On June 17, the OCC announced that, at year-end 2015, it will escheat any remaining uncashed payments made pursuant to the Independent Foreclosure Review Payment Agreement. Despite the IFR Payment Agreement having already resulted in the distribution of over $2.7 billion to more than 3.2 million eligible borrowers, the OCC anticipates that roughly $280 million from OCC-supervised institutions will remain unclaimed by the end of 2015. By escheating the remaining available funds, eligible borrowers and their heirs will have the opportunity to claim the funds. The agency also announced that it terminated foreclosure-related consent orders against three financial institutions because they have complied with the April 2011 orders and the February 2013 amendments to the orders. In addition, the OCC issued amended consent orders to six banks that did not meet all of the requirements of the consent orders by placing restrictions on the following business activities: (i) acquisition of residential mortgage servicing or residential mortgage servicing rights; (ii) new contracts to perform residential mortgage servicing for other parties; (iii) outsourcing or sub-servicing of new residential mortgage servicing activities to other parties; (iv) off-shoring new residential mortgage servicing activities; and (v) new appointments of senior officers in charge of residential mortgage servicing or residential mortgage servicing risk management and compliance. The limitations placed on the financial institutions were based on each bank’s particular circumstances.
On June 12, the OCC announced an improvement to the public’s ability to access information online concerning business combination corporate applications submitted by national banks and federal savings associations. The enhanced online access, which is now accessible via the agency’s homepage and licensing page, allows the public to submit and view comments on business combination applications on a single page. In addition, the single page provides links to a public copy of the corporate application, supplemental material filed by the applicant, and a location for individuals to view and submit comments.
On June 9, six federal agencies – the Federal Reserve, CFPB, FDIC, NCUA, OCC, and the SEC – issued a final interagency policy statement creating guidelines for assessing the diversity policies and practices of the entities they regulate. Mandated by Section 342 of the Dodd-Frank Act, the final policy statement requires the establishment of an Office of Minority and Women Inclusion at each of the agencies and includes standards for the agencies to assess an entity’s organizational commitment to diversity, workforce and employment practices, procurement and business practices, and practices to promote transparency of diversity and inclusion within the organization. The final interagency guidance incorporates over 200 comments received from financial institutions, industry trade groups, consumer advocates, and community leaders on the proposed standards issued in October 2013. The final policy statement will be effective upon publication in the Federal Register. The six agencies also are requesting public comment, due within 60 days following publication in the Federal Register, on the information collection aspects of the interagency guidance.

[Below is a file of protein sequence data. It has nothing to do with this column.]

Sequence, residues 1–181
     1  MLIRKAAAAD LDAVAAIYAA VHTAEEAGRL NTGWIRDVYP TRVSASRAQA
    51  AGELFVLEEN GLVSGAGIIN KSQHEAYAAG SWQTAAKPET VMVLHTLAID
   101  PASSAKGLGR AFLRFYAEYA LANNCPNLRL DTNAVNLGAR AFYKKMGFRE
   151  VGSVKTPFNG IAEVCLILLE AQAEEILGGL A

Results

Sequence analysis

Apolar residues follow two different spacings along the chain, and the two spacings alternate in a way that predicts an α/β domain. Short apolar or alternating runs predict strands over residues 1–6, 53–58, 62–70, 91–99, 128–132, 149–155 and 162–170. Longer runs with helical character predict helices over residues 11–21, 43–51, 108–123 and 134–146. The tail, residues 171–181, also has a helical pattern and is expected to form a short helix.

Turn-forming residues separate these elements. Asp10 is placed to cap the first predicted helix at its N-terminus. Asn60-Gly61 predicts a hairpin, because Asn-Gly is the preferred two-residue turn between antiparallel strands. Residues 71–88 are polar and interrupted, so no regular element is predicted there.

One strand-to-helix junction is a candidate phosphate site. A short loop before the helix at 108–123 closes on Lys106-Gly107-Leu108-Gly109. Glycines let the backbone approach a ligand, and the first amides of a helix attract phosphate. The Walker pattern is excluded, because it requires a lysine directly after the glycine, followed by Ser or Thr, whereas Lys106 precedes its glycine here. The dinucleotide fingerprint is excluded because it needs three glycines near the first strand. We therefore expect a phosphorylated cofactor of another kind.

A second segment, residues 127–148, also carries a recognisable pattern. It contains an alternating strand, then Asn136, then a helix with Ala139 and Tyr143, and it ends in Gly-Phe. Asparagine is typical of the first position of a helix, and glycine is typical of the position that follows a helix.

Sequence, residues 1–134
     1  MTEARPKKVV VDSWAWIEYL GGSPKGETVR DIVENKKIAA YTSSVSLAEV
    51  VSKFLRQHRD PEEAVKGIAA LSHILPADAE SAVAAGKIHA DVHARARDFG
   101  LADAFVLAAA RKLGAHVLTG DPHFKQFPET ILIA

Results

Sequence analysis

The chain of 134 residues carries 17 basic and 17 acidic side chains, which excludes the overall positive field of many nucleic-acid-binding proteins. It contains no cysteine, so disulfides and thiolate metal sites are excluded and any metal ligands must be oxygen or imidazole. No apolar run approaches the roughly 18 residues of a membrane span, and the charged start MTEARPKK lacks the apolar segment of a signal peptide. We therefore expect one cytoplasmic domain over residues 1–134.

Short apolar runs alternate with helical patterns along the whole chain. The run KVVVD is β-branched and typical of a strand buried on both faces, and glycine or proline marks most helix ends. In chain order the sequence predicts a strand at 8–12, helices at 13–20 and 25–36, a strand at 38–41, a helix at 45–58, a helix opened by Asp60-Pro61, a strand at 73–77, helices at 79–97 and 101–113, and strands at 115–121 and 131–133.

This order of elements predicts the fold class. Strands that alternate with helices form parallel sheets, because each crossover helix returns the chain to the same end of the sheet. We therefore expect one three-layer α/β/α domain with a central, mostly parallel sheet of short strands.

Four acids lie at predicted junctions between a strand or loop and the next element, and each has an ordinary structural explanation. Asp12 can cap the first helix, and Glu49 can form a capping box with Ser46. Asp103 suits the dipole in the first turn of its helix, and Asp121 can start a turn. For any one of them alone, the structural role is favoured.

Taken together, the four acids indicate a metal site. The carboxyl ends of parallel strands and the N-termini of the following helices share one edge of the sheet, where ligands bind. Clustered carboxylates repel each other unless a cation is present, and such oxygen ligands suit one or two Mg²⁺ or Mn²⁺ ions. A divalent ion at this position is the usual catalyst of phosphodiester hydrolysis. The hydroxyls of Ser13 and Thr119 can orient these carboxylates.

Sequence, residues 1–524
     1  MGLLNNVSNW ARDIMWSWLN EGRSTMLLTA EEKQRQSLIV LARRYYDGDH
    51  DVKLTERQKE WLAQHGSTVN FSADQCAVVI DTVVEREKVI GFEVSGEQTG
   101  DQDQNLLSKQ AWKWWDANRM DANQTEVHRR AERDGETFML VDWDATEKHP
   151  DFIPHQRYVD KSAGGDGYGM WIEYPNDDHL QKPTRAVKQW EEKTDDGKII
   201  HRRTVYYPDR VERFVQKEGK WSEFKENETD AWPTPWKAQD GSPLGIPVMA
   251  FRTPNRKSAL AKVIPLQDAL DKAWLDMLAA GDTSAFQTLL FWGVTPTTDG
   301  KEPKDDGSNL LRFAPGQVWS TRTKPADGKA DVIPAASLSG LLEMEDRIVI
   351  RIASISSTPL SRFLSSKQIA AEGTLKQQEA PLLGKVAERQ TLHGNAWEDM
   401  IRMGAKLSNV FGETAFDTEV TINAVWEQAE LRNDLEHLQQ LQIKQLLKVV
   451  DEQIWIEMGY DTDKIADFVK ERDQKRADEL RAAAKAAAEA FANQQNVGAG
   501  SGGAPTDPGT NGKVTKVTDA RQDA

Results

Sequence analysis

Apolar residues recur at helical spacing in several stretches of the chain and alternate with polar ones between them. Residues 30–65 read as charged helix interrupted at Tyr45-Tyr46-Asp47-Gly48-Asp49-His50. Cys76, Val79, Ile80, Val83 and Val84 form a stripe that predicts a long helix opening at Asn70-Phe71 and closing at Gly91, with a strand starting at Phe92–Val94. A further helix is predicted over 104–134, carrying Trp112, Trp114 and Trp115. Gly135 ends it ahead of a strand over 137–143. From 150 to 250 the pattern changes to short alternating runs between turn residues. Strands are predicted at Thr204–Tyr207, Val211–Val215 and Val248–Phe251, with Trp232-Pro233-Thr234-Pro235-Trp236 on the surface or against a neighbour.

OCC Comptroller Discusses Emerging Payment Systems Technology and Cybersecurity, FFIEC Set to Release Cybersecurity Assessment Tool
On June 3, in prepared remarks delivered at the BITS Emerging Payments Forum, OCC Comptroller Thomas Curry advised that as financial institutions continue to develop payment systems, banks need better preparation for potential cyber-risks. Curry warned that “[c]yber criminals will also probe emerging payment systems for vulnerabilities that they can exploit to engage in money laundering[.]” In addition, Curry advocated for more regulatory oversight of digital currencies and non-bank mobile payment providers, such as ApplePay and Google Wallet. Addressing cybersecurity concerns, Curry called for increased information-sharing to promote best practices and strengthen cybersecurity readiness among the banking industry. In particular, he urged financial institutions – of all sizes – to participate in the Financial Services Information Sharing and Analysis Center, or FS-ISAC, a non-profit founded by the banking industry to facilitate the sharing and dissemination of cybersecurity threat information. Moreover, Curry confirmed that the FFIEC will soon be releasing a Cybersecurity Assessment Tool for financial institutions to use when evaluating their cybersecurity risks and risk management capabilities, observing that the tool will be particularly helpful to community banks as cybersecurity threats continue to increase.